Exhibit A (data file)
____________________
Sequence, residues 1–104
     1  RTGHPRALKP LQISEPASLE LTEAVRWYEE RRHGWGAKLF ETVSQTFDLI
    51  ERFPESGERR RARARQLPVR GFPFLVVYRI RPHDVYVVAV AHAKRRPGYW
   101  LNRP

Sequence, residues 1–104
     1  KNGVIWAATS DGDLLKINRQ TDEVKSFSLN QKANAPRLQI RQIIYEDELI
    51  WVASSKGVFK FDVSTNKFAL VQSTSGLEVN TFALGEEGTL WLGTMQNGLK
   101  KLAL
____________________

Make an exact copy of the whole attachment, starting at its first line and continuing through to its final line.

Sequence, residues 1–104
     1  RTGHPRALKP LQISEPASLE LTEAVRWYEE RRHGWGAKLF ETVSQTFDLI
    51  ERFPESGERR RARARQLPVR GFPFLVVYRI RPHDVYVVAV AHAKRRPGYW
   101  LNRP

Sequence, residues 1–104
     1  KNGVIWAATS DGDLLKINRQ TDEVKSFSLN QKANAPRLQI RQIIYEDELI
    51  WVASSKGVFK FDVSTNKFAL VQSTSGLEVN TFALGEEGTL WLGTMQNGLK
   101  KLAL